Defining the word hero is difficult. The dictionary states that a hero is any person admired for courage, nobility, or exploits, especially in war. For most people, the definition of hero is left to interpretation. Some people believe a hero is an exceptional athlete, but others think it is the local cop that made the news for a job well done. It is all up to the individual who is defining what a hero is. Jan Karski is a hero for several reasons; he proved to be courageous, demonstrated his intelligence, and he lived to tell his story. It is often said that Karski tried to stop the war himself and failed (O?Keefe). His attempt to stop the war did fail but his voice was heard. Through his efforts, other countries became more involved and they opened their eyes to what was going on. Though he did fail, he played an important role which helped end the war.
Jan Karski was born in 1914, in Lodz Poland (Block 170). He was the youngest of eight children. Karski?s father died when he was young and never knowing his father left him unable to love him. On the other had, he had great respect for his mother, he loved her (Block 170). Through school he was a good student. His strong subjects were history, poetry and literature. According to Karski, ?Jews were always strong in science,? and throughout his school years, he was great friends with a group of Jewish boys. This group of young men, including Karski would help each other with their studies. Karski finished school in 1931, his mother did not want him to go into the military so he went to college instead. He majored in law an diplomatic science and received his master?s degree in 1935 (Block 170). After graduating from the university, Karski began working for the League of Nations and in 1939, he became the secretary of the Department of Immigration, and he became the private secretary of the director of personnel in the Foreign Ministry. As the war became more of a threat, Karski took on new roles.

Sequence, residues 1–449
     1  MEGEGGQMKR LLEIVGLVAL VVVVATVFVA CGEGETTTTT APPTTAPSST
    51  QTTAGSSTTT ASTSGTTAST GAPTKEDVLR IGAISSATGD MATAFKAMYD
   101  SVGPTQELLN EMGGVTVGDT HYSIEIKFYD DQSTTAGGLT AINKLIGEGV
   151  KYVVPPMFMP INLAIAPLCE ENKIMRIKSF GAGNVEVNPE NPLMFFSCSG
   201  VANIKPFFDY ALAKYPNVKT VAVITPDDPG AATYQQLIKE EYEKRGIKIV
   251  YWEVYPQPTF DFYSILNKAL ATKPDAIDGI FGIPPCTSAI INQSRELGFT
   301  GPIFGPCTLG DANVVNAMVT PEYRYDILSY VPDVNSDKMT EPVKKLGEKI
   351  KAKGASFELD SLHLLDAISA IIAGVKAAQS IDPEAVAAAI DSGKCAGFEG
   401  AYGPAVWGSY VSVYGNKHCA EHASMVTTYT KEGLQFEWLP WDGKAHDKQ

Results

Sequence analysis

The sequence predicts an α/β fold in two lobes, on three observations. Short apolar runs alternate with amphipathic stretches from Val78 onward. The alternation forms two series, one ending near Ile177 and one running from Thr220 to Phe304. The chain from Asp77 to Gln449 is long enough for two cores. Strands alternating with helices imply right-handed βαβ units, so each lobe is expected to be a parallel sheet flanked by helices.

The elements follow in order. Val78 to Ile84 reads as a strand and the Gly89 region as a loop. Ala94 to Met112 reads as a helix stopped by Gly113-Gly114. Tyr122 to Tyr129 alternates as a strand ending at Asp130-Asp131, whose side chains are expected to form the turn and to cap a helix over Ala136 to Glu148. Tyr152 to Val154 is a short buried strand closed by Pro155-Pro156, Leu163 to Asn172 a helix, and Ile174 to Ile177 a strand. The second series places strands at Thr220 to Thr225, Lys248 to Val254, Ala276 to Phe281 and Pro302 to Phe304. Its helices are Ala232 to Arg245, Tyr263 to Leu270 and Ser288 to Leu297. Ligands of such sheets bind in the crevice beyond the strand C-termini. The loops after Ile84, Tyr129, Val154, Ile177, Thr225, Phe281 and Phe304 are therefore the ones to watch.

Karski started in the military when the Nazis invaded Poland. After the military he serviced as a propagandist and Polish spy during the war. He later fell into the role of courier for the Polish Underground. Here, his courage became obvious. Karski, who had been a practicing Catholic, converted to the Jewish religion. He stated: ?Like the family of my wife?all of them perished in the ghettos, in the concentration camps, in the gas chambers?so all murdered Jews became my family? (Wood). Though Karski witnessed some of the most horrific acts in history, he managed to stand up for himself and for the millions of other people who died in vain during the holocaust. The victims of the Holocaust died in vain because at the time millions of people were being secretly murdered. Upon observation, Karski realized that the government and civilians honestly had no idea of what was going on. They knew very little about the horrendace acts that were taking place during the war. Those who did know, turned the other cheek because they did not want to get involved.
Karski proved his courage by risking his life. He endured the torture of the death camps in order to find out what was going on inside. He would then demonstrate his intelligence by surviving the camps and in the end, being sane enough to tell about them. Much of what Karski reported was so unbelievable that many people could not believe what he said. Nobody was calling Karski a liar, but the events he depicted were so unimaginable they couldn?t believe these heinous crimes were going on. He would tell of the torture that innocent people endured. He told of the mass murders in the gas chambers and the tests that were being performed in secret laboratories.
Karski had lived through many tragic affairs. When all was said and done he took time to write a book. All though, he had been writing during the war, he now took in everything he had experienced and all that he had seen, and put his adventures in writing for all the world to endure. In his book he revisited his past and told his Story of a Secret State. His book told of the atrocities that he witnessed and of the horrible memories that still haunted him. He bared his soul and left his character open to judgment. His actions not only contest he was a hero, but it proves he was. After he had written his book and lived his life, Karski appeared in the film Shoah where he acted out the events of his life in the Warsaw ghetto.
The war left Karski scarred, but it did not stop him from fulfilling a long life. After the war he went on to teach political science at the Georgetown University. Many say that he is not a hero but after all he had been through and all he has taught the world, he is definitely worthy of being called a hero. Jan Karski defined courage and intelligence during war time and throughout his life and thanks to him, we have the books to remind us of what he went through to help save the world.
Cavanah, Frances (ed). We Wanted to be Free: the Refugees? Own Stories.
Philadelphia: Macrae Smith Company., 1971
Lewin, Zofia and Wladyslaw Bartoszewski. ?Jan Karski?s Account.? University
Historical Review (www.irh.org.). 1986. 1 October 2000 .
Wood, E. Thomas and Stanislaw M. Jankowski. Karski: How One Man